Speech Verhofstadt-lunch bezoek Kagamé-20040311
Speech by Belgian Prime Minister Guy Verhofstadt
At a lunch held for the Rwandan delegation on the occasion of the official visit by Mr. Paul Kagamé, President of the republic of Rwanda
Brussels 11 march 2004
Speech by Belgian Prime Minister Guy Verhofstadt At a lunch held for the Rwandan delegation on the occasion of the official visit by Mr. Paul Kagamé, President of the republic of Rwanda Brussels 11 march 2004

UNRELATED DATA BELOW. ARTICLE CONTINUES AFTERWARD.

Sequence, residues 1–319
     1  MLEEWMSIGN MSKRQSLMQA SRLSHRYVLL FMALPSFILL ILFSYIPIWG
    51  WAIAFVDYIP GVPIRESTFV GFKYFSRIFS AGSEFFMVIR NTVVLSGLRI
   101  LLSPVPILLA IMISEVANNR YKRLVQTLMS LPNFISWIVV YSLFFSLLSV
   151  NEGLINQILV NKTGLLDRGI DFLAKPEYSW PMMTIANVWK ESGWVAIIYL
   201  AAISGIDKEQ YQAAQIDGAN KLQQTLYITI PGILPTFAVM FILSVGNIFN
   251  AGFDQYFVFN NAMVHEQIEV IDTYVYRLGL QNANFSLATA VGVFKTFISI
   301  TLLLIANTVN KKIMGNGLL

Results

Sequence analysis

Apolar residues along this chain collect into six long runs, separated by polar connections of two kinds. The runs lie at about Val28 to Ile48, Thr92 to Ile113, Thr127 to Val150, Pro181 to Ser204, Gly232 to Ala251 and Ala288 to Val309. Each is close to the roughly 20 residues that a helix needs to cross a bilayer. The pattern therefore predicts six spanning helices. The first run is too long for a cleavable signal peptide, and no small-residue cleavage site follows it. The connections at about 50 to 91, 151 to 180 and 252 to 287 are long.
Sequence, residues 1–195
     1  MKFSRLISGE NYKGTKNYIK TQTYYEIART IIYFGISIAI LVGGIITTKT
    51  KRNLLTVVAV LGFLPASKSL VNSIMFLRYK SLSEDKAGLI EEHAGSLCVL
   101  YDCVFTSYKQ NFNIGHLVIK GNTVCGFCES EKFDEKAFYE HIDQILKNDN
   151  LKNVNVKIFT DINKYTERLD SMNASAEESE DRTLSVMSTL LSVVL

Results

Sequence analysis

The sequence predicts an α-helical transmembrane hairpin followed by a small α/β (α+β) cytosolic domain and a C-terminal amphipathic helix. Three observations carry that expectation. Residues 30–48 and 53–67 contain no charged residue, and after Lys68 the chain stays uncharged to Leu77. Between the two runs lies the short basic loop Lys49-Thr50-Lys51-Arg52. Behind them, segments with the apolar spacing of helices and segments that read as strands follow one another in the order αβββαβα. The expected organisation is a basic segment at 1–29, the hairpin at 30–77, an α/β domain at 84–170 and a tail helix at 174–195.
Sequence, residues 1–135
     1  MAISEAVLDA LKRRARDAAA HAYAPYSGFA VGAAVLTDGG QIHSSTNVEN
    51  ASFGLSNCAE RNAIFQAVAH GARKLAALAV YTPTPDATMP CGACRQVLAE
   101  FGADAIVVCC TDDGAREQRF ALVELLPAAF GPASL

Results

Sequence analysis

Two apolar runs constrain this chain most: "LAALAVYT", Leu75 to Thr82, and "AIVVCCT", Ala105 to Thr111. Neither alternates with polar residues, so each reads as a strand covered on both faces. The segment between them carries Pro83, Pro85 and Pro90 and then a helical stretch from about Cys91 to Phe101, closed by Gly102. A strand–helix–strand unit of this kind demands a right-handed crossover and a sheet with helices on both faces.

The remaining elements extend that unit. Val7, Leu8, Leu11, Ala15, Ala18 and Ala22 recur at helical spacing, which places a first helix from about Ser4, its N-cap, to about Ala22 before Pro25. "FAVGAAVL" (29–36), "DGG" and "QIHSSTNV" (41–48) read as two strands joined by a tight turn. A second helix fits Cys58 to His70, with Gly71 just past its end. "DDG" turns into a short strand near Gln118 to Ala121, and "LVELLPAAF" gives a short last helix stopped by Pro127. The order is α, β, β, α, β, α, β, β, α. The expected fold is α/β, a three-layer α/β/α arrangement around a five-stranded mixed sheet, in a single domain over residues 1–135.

Mr President, Excellencies, Ladies and Gentlemen, We already had the opportunity to meet on several occasions, but today it is an honour and a pleasure for me to welcome you on your first official visit to Belgium. It is now almost 90 years since the paths of Belgium and Rwanda first crossed an encounter that has not always been without difficulties. Throughout the colonial and post-colonial era, relations between our two countries have sometimes been tense but the bond between us has held fast through good times and bad. This visit shows our dedication and common goal to further develop and strengthen the ties between our nations. We are all very much aware of the fact that this visit is taking place on the eve of the tenth anniversary of the 1994 genocide. Four years ago, in April 2000 in Kigali, I was given the opportunity to participate in the commemoration of the genocide. Next month, I shall be returning to Kigali with the Belgian ministers for Foreign Affairs, Defense and Development Cooperation not only to remember those who perished, but also to reflect on the future. Mr. President, By electing you to this high office, the Rwandan people have entrusted you with the responsibility of defending and respecting the values of democracy, pluralism, and human rights. Be assured of Belgiums commitment to support you in this challenging task. For full democracy and freedom of expression are the true guarantees of sustainable reconciliation. We are very pleased that the reconciliation process in Rwanda over the past year has been accompanied by equally encouraging developments in its neighbours Burundi and the Democratic Republic of Congo. Over the past ten years, these countries have also been engulfed in a spiral of violence which, has unsettled the entire region and which has resulted in several more million victims. Given Belgium's historic links with these three countries, my government has spared no effort in lending its continuous support to the peace process throughout the region. It is my strong belief that today central Africa is on the right track. We encourage you to push ahead and to strengthen Rwandas ties with its neighbours. The current drive for peace must be fostered and made to flourish. Only regional integration can prevent renewed conflict and Belgium is prepared to fully support you in this approach. We cannot deny that reconstruction and reconciliation in Rwanda, but also in Burundi and the DRC will require continued efforts and perseverance of its leaders. Such process demands time and determination. I am thinking here not only of socio-economic developments but also of strengthening the rule of law, ensuring justice with respect to war crimes, as well as demobilisation of the military and the construction or, indeed, reconstruction of civil society, the education system and healthcare. These are also the sectors where Belgian development cooperation can help and make its expertise available. Central Africa is a top priority of Belgiums foreign policy and we are proud of it. We put this policy into practice through bilateral state-to-state aid, multilateral aid, and through our support of a variety of non-governmental initiatives. Belgium is also playing a pioneering role in defending central African interests in international organisations, particularly within the European Union. For no one should be indifferent to the reconstruction of Rwanda and of central Africa as a whole, which demands that we pool all our efforts and capabilities. In line with this conviction, my government has opted firmly for substantially greater financial contributions to assist Belgium's three key bilateral partners in central Africa in terms of international cooperation. Our focus is threefold: (i) supporting the peace and reconciliation processes, (ii) strengthening the rule of law, and (iii) helping the most vulnerable sections of the population to overcome poverty. But we recognize that such development policy cannot be imposed from outside but must be borne by the Rwandan people themselves as they remain the master of their own fate. Mr President, Excellencies, Ladies and Gentlemen, Throughout the region, the prospects for peace and reconciliation are better now than at any point in the past ten years. The international community is ready to support and consolidate all developments that will help drive this process forward. Now, more than ever before, Rwanda should take this opportunity, build its future, develop prosperity and safeguard stability. Rwanda can count on Belgium to achieve these goals. Rwanda remains one of Belgium's key partners. It can count on our support and our solidarity in a spirit of dialogue and transparency. And on that note, may I ask you all to raise your glasses to President Kagame, in a toast to peace and security for Rwanda and to friendship and cooperation between our countries. Thank you.